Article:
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[U] Rawdin v. Real

Superior Court of Pennsylvania

February 26, 2014



Appeal from the Judgment Entered March 11, 2013, in the Court of Common Pleas of Montgomery County, Civil Division at No(s): 2006-00386 2006-26593




Myrna Rawdin (Mrs. Rawdin) and Martin Rawdin, husband and wife (collectively "the Rawdins"), appeal from the judgment entered against them and in favor of Mark B. Real, M.D. (Dr. Real) and PMA Medical Specialists, LLC (PMA) (collectively "Appellees") in this medical malpractice action. Upon review, we vacate the judgment, reverse the order of the trial court denying the Rawdins' post-trial motion for a new trial, vacate the order on the motion in limine, and remand for a new trial.

The trial court summarized the underlying facts as follows.

In 2001, Mrs. Rawdin began treating with Dr. Real, board certified in internal medicine and geriatrics, at PMA Medical Specialists. She attended her first office visit with Dr. Real on July 5, 2001, just prior to her sixty-third (63rd) birthday. Mrs. Rawdin next saw Dr. Real on April 10, 2002, for an annual routine visit.
On June 17, 2003, Mrs. Rawdin experienced an episode of severe dizziness, which led her to call 911. The ambulance transported her to the Pottstown Memorial Hospital Emergency Room ("ER"), where the medical staff ordered laboratory studies, an X-ray and a CAT scan of her brain. The ER physician diagnosed labyrinthitis, 1 prescribed Antivert and told Mrs. Rawdin to follow up with her family doctor. Mrs. Rawdin saw Dr. Real on June 23, 2003. Based on her presentation and what Mrs. Rawdin had told him about her episode of vertigo, Dr. Real ordered an MRI of her brain. Mrs. Rawdin obtained the MRI on July 2, 2003. The MRI revealed small vessel ischemic disease, which Dr. Real considered a common finding in individuals over the age of sixty (60). A nurse from Dr. Real's office reported to Mrs. Rawdin that the results of her MRI were within normal limits. Her symptoms of dizziness resolved within a couple of weeks after the MRI.
Mrs. Rawdin next saw Dr. Real on April 29, 2004, for her annual routine checkup. On November 1, 2004, Mrs. Rawdin again presented to Dr. Real. At this visit, she related an episode at her synagogue on October 29, 2004, when she experienced the sensation that her voice did not sound normal to her, although no one else noticed anything different. She also reported a little headache and dizziness, but that the speech problem, noticed only by her, had gone away almost immediately. As part of his examination, Dr. Real checked Mrs. Rawdin's ears and had a nurse remove a large amount of earwax from her left ear. Dr. Real prescribed Meclizine for the dizziness, which resolved within a few days. Mrs. Rawdin did not see Dr. Real again after the November 1, 2004 visit. During the evening hours of Sunday, November 28, 2004, Mrs. Rawdin suffered an ischemic stroke involving the right side of her brain. [The stroke has left her with significant left-sided disability.]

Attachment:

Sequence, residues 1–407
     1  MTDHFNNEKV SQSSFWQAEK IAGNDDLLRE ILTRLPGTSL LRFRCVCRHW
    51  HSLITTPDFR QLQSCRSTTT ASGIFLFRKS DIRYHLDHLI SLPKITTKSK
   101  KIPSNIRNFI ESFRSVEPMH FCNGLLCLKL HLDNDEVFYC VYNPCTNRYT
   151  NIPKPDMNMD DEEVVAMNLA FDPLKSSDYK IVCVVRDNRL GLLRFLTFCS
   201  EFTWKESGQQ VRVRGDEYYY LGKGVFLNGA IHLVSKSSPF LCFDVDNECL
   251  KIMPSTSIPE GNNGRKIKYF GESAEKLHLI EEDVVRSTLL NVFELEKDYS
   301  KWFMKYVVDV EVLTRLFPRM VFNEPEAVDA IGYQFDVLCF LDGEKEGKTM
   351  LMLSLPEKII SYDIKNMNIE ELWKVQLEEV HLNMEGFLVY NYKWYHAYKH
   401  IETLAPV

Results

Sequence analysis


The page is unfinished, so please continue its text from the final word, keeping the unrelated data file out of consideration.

1 Labyrinthitis is an inflammation of the inner ear that can cause loss of balance, vertigo and vomiting. Steadman's Medical Dictionary 2006.

Trial Court Opinion, 8/21/2013, at 2-3 (citations omitted).

The Rawdins instituted a medical professional liability action against Dr. Real on January 10, 2006, alleging that Dr. Real was negligent in failing to diagnose and treat Mrs. Rawdin's transient ischemic attack (TIA) that led to her debilitating stroke.[1] The case proceeded to a jury trial, which returned a verdict in favor of Appellees. Specifically, the jury found that Dr. Real's care of Mrs. Rawdin did not fall below the applicable standard of care. See Verdict Sheet, 9/17/2012, at Question 1. The Rawdins timely filed post-trial motions requesting a new trial, which were denied. They timely filed a notice of appeal, and both the Rawdins and the trial court complied with Pa.R.A.P. 1925.

On appeal, the Rawdins present two issues for our review.

1. Did the [t]rial [c]ourt err and abuse its discretion in granting [Appellees'] Motion in Limine to Preclude Plaintiffs' expert, Nancy Futrell, M.D. from testifying as to any opinions on the standard of care, and in its rulings during trial further limiting Dr. Futrell's testimony?
2. Did the [t]rial [c]ourt err and abuse its discretion in failing to sustain [the Rawdins'] objection to Defense Counsel's statement during closing argument that Nancy Futrell, M.D. failed to testify on the issues of negligence and causation, because earlier rulings made by the [trial court] precluded Dr. Futrell's testimony in these areas?

The Rawdins' Brief at 5.

We set forth our well-settled standard of review.

Our standard of review from an order denying a motion for a new trial is whether the trial court committed an error of law, which controlled the outcome of the case, or committed an abuse of discretion. A trial court commits an abuse of discretion when it render[s] a judgment that is manifestly unreasonable, arbitrary, or capricious, has failed to apply the law, or was motivated by partiality, prejudice, bias, or ill will.

Polett v. Public Communications, Inc., ___ A.3d ___, 2013 WL 6732103 (Pa.Super. 2013) (citing Mirabel v. Morales, 57 A.3d 144, 150 (Pa.Super. 2012) (internal citations and quotation marks omitted)). "In making this determination, we must consider whether, viewing the evidence in the light most favorable to the verdict winner, a new trial would produce a ...

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